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Parle G Case Solution
Parle-G, the company’s leading glucose biscuit brand, was concomitated with offering minimum price for maximum utility. Parle-G maintained the price of $1 since 1990 following the uppermost value. In January 2004, the price of Parle-G rose from INR 4.00 to INR 4.50 and resulted in a drop in sales of more than 40%. Hence, due to this shrinkage in sales, Parle fixated on reducing the weight rather than amplifying prices. Other than reducing weight, cost regulating processes were also undertaken. Furthermore, Parle supplied an estimate of 650,000 tons of biscuits of which 500,000 encompassed Parle-G. Parle-G had loyal consumers and it wasn’t until 1996 that the glucose category of Parle faced competition. Parle had spent millions on the sales promotion and Parle-G was sold in around 2.5 million outlets. Ultimately, the major crisis faced by Parle was coming up with a strategy to overcome the price predicament and protection from high sales.
Following questions are answered in this case study solution
What is the market structure for Parle in the overall biscuit segment?
What do you think about the price elasticity of demand for Parle-G?
What kind of challenge does Parle-G’s price sensitivity pose for Parle?
What should Parle do to retain its overall profitability?
Case Analysis for Parle G
1. What is the market structure for Parle in the overall biscuit segment?
The major market structures involve perfect competition, oligopoly, monopoly, and monopolistic competition. The perfect competition reflects a market structure in which various companies sell an analogous product and any particular company is unable to select prices. This indicates that in case a company increases its price, the quantity demanded tends to fall for the product as consumers shift to the products of the competitors which manage to provide similar requirements. Hence, in perfect competition, it is crucial for all the companies to maintain their prices with those of their competitors in order to continue their dealings. Furthermore, the market share of the company fails to have an impact and influence on the pricing.
Parle’s company had 40 percent of the entire biscuit marketplace in India. In addition to Parle-G in the glucose category, the luxury biscuit portfolio included Monaco, Hide n Seek Fun Centre, Cheeslings, Sixer, Jeffs, and Krack Jack. Premium brand margins ranged between 25 and 30 percent. Due to their distinct contributions to the bottom line, Parle-G, Monaco, and Krack Jack were recognized as the key brands. There was still room for growth in the premium category, which expanded at a rate of about 20% per year, despite Parle having a wide biscuit portfolio with product options in all of the major biscuit categories.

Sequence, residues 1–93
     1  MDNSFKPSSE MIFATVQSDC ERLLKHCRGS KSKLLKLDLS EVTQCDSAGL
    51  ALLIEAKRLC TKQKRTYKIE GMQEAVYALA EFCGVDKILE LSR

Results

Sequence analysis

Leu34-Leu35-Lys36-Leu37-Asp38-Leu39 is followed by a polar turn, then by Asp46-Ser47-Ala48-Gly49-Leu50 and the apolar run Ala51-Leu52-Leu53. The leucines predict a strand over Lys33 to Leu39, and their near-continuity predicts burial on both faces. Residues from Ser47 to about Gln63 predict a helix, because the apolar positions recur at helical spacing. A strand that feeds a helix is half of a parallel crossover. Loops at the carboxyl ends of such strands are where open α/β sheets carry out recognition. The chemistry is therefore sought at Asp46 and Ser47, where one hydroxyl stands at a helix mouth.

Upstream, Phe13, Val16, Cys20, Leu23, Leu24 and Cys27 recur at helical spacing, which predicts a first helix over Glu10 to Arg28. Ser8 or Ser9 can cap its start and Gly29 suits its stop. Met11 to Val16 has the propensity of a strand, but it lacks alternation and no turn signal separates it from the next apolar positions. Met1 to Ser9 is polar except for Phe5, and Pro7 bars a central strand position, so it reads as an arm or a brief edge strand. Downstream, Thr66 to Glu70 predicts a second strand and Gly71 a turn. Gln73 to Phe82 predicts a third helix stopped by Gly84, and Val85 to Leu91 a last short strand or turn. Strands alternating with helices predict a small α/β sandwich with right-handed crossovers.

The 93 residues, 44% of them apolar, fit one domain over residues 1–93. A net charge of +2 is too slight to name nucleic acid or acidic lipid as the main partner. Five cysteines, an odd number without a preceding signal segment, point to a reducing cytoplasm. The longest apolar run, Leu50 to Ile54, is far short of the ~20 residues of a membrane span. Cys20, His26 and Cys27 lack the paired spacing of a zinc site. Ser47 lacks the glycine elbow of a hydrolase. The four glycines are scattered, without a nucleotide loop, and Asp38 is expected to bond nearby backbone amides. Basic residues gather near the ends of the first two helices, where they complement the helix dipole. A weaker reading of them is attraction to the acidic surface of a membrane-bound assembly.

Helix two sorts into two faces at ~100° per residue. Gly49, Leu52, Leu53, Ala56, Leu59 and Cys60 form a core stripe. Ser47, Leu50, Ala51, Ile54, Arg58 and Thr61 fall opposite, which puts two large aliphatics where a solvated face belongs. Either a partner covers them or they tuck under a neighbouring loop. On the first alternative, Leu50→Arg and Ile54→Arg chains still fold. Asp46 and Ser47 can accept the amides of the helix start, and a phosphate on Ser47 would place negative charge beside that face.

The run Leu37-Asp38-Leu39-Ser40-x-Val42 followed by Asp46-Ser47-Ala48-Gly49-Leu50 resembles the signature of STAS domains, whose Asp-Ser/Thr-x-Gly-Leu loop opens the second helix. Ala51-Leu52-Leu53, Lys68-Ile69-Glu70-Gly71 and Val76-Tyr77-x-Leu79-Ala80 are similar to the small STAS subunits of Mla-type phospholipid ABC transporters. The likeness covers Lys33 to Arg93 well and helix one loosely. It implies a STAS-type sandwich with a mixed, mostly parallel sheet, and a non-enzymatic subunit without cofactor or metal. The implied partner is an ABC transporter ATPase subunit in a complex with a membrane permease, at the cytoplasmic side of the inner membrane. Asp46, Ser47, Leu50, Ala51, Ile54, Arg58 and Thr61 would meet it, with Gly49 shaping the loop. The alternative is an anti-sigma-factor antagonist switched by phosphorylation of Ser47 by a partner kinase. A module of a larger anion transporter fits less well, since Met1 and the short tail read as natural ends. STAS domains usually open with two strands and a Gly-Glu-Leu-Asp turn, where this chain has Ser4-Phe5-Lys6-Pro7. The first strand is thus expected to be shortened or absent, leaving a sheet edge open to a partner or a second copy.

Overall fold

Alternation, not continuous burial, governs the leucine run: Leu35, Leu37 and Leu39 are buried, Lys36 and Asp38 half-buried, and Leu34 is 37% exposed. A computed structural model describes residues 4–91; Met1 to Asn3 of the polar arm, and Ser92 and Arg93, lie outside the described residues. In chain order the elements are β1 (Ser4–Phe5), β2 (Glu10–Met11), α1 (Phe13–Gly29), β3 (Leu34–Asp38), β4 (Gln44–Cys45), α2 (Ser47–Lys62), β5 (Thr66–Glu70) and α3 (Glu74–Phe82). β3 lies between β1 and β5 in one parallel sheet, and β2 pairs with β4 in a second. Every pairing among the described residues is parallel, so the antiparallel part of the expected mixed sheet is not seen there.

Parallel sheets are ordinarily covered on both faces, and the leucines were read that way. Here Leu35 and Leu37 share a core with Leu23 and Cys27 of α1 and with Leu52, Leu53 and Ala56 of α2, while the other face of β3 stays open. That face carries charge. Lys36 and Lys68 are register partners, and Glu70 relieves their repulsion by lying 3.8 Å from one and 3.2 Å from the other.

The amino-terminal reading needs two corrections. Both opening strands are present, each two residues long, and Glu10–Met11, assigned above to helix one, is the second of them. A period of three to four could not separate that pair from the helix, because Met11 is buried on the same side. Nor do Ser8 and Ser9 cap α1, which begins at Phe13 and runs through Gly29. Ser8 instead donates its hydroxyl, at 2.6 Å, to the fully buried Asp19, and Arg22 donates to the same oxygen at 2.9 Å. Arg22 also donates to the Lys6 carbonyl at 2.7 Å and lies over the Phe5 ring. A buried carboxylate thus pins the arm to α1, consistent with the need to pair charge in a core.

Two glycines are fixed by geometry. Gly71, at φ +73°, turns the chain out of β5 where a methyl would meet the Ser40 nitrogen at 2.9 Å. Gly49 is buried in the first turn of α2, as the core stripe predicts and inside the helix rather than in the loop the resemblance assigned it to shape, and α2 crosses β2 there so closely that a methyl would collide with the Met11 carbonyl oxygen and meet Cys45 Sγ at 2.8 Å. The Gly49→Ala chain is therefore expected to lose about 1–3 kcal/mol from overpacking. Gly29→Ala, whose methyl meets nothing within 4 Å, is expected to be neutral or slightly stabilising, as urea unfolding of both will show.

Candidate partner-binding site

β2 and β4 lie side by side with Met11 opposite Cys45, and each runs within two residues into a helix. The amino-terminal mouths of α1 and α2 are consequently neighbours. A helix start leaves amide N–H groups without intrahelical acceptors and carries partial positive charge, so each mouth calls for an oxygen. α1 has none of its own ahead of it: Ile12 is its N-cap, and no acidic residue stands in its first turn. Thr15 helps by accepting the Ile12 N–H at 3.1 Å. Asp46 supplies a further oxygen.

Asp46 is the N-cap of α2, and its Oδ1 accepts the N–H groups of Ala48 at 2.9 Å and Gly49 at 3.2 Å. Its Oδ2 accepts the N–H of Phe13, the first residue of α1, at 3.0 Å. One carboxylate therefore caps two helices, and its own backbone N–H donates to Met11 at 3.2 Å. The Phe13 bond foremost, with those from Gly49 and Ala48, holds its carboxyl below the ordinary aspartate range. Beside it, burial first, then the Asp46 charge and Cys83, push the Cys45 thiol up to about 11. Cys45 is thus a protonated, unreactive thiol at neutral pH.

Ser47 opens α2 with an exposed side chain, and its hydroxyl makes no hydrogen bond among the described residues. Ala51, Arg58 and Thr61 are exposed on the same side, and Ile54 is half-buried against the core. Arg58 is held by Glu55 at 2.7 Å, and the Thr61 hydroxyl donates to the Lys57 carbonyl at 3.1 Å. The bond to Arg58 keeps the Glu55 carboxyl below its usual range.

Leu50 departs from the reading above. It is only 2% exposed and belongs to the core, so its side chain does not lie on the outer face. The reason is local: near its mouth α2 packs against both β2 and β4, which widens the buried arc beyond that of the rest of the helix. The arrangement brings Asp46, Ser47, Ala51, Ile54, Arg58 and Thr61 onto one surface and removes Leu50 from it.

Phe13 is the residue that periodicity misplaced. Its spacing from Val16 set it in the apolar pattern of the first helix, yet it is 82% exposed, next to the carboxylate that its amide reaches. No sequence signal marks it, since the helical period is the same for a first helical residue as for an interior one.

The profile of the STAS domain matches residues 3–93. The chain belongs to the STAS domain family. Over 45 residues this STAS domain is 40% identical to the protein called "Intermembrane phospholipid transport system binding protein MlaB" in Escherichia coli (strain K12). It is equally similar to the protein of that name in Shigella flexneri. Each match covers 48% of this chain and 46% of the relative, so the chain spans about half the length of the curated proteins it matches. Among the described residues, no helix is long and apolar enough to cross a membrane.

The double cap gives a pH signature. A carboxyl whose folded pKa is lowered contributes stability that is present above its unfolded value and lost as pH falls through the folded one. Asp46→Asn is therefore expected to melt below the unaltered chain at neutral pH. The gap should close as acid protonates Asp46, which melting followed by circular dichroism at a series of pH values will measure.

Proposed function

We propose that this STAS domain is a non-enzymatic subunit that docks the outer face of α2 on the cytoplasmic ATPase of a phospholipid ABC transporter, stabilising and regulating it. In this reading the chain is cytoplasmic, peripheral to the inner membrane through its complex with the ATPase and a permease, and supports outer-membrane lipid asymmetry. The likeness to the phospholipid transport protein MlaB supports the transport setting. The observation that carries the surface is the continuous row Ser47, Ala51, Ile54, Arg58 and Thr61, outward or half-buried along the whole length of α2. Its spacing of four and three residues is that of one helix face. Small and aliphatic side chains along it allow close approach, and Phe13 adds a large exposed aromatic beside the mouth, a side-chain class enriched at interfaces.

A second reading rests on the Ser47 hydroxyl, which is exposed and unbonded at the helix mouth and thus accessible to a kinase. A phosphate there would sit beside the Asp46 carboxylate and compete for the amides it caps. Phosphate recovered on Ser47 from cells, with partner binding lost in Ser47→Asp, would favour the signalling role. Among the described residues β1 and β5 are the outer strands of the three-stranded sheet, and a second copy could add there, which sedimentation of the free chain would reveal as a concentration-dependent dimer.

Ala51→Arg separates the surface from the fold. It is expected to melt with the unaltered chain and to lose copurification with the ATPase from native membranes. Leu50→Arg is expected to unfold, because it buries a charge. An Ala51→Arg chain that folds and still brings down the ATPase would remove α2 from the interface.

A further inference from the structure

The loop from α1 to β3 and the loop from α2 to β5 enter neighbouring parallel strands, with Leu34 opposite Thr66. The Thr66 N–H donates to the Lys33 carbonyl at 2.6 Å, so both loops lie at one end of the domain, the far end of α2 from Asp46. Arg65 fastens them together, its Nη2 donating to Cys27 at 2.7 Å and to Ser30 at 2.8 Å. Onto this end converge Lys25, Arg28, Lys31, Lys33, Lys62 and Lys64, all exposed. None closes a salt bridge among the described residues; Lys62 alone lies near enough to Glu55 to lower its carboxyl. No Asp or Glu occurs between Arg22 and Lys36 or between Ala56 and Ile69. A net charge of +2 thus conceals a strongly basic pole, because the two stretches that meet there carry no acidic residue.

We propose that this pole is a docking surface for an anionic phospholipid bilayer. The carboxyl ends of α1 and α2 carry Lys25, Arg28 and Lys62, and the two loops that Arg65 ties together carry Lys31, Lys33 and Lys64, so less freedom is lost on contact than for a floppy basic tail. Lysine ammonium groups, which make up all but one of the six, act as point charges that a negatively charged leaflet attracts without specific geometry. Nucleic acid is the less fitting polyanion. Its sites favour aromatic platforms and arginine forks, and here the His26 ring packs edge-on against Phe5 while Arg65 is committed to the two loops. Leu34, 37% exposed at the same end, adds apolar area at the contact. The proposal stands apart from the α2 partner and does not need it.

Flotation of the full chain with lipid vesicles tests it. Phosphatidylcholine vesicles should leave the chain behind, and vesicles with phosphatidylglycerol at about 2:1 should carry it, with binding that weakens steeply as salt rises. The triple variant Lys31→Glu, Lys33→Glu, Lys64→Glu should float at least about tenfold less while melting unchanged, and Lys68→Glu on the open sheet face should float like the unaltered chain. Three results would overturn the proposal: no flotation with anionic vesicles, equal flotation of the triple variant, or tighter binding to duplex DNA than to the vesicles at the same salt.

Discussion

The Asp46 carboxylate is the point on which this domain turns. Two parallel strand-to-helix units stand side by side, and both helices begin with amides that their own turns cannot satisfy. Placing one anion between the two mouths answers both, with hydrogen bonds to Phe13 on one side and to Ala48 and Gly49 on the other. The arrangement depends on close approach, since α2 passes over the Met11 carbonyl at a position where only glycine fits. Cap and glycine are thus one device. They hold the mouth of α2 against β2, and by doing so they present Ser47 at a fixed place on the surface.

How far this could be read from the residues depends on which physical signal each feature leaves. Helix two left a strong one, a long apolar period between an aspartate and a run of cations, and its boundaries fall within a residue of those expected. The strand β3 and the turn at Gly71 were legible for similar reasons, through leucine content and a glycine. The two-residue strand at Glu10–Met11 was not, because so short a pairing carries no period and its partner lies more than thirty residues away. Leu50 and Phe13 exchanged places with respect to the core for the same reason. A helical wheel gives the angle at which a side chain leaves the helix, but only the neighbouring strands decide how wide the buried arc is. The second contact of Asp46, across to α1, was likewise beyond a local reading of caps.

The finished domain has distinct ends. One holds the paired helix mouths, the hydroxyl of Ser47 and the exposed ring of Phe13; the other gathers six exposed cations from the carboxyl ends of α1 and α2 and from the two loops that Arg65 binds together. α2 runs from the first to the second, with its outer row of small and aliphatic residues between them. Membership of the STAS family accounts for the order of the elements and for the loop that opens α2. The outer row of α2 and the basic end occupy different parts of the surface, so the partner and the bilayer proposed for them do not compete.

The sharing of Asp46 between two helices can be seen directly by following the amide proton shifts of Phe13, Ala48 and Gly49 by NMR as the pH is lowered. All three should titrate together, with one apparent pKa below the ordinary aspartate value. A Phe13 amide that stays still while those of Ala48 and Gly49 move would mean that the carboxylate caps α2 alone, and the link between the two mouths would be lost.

Prior to the British multinational Britannia Industries Ltd. (BIL) launching its Tiger Glucose biscuit line in 1996, Parle faced little to no competition in the glucose industry. In 2003, IT Ltd. (ITC), an Indian conglomerate with operations in hotels, agriculture, paper goods, and retailing, released Sunfeast Glucose. Both the immigrants benefited from significant investments. Parle-G, on the other hand, continues to dominate the mainstream market.
In 2003, Hindustan Unilever, a major manufacturer of consumer-packaged goods (CPG), also entered the glucose market. Its endeavor was to expand its failing bread division. The company outsourced the production of its products to two different locales. It left the biscuit company two years later for a number of reasons, including a cost-profit imbalance. Parle also had a few regional competitors, albeit their national effect was minimal.
Tiger Glucose and Sunfeast Glucose, like Parle-G, were available in a variety of SKUs with prices averaging US$1 per kilogram. Because they were rookies, the two new brands were particularly affected by rising expenses. They experienced similar SEC infiltration experiences as Parle-G. Both have large retail networks that they have developed over many years of doing business in the Indian CPG market. Both have quickly established brand equity among young people as a consequence of aggressive advertising efforts.
Due to the potential of the Indian food business, global goliaths like Nabisco in the United States, Campbell Arnott's in Australia, and United Biscuits in the United Kingdom were all vying for the Indian biscuit market. They intended to concentrate on the luxury biscuit market since it was anticipated to increase over the next years, it was advantageous for brand expansion, and it would result in higher profits.
Parle had a strong influence in the glucose category. Parle-G was chiefly used by the citizens and had a reputable market share in the industry. However, in 2004, when Parle increased the price of Parle-G from INR 4.00 to INR 4.50 the demand fell immensely and sales dropped by higher than 40 percent. Hence, this reflects a lack of control of price. There was competition faced in the premium category initially which was gradually expanded to competition faced in the glucose category as well. Initially, Parle had a near-monopoly in the glucose category as there was little to no competition faced by Parle. However, after BIL launched its Tiger Glucose biscuit line which was followed by the entry of Hindustan Unilever in 2003, and other regional competitors.
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